Anchors deliver the long con every night on the tube, between commercials.
They’re marketing thin context.
There are various forms of mind control. The one I’m describing here—the thinning of context—is universal. It confounds the mind by pretending depth doesn’t exist and is merely a fantasy.
The mind, before it is trained away from it, is always interested in depth.
Another way of putting it: the mind naturally wants more space, not less. Only constant conditioning can change this.
Eventually, when you say “mind,” people think you’re referring to the brain, or they don’t know what you’re talking about at all.
Mind control by eradicating the concept of mind.
That’s quite a trick.
But now, on the national evening news, something has changed. The quality of the elite anchors has plummeted. These mind-control pros are less and less capable of delivering: the voice of authority.
In the old days, you had Water Cronkite, Harry Reasoner, Chet Huntley, Tom Brokaw, and (before he crashed and burned) Dan Rather. Big-time fakers.
Eventually, this devolved into a B-team of bench players: Dianne Sawyer, Brian Williams, Scott Pelley. Less believable—but still fairly effective.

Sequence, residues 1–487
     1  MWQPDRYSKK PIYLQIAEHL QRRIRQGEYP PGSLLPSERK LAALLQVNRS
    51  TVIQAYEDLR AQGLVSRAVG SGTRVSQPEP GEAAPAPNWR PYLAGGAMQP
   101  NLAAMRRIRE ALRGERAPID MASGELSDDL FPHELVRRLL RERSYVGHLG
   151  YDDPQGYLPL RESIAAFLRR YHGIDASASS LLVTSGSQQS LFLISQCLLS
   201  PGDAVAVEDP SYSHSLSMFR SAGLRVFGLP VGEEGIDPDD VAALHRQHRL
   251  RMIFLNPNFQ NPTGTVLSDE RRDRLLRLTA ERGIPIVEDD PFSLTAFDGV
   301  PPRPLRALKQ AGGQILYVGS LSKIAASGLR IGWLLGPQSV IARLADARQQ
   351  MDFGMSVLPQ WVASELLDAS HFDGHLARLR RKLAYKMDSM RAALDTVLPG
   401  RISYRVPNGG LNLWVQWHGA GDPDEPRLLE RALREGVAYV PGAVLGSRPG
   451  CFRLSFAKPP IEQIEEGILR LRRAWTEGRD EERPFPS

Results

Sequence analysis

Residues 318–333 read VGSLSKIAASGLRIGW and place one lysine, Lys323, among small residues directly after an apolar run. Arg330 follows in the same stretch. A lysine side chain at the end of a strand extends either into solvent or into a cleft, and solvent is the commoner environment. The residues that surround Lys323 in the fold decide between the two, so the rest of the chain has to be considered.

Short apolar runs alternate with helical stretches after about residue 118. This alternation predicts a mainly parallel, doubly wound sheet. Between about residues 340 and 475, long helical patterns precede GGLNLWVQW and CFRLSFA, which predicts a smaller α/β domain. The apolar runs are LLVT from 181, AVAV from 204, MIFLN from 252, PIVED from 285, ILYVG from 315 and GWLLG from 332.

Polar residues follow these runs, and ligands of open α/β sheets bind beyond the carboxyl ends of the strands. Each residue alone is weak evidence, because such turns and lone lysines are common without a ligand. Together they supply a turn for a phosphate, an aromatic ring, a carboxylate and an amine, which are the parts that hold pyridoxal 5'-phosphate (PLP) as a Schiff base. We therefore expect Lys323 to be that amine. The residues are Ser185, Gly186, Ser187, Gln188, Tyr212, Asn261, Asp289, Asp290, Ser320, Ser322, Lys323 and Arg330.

However, now, at the three major networks, it’s androids on parade. Two pretty boys, David Muir and Jeff Glor, and the NBC cadaver, Lester Holt.
The ship is sinking.
Instead of trying to label their competition Fake News, the networks should look to themselves and try to figure out why they can’t find father figures to deliver their no-context broadcasts.
The audience is wising up. The correct notes on the scale of mind control aren’t being struck.
The system is falling apart.
When I named this site No More Fake News 16 years ago, I could see a fatigue factor setting in—not only in the mainstream news audience, but in the networks themselves. They were playing out the string, hoping to coast on their prior reputations. They weren’t just putting their viewers to sleep (their covert goal), they were slowly falling asleep themselves.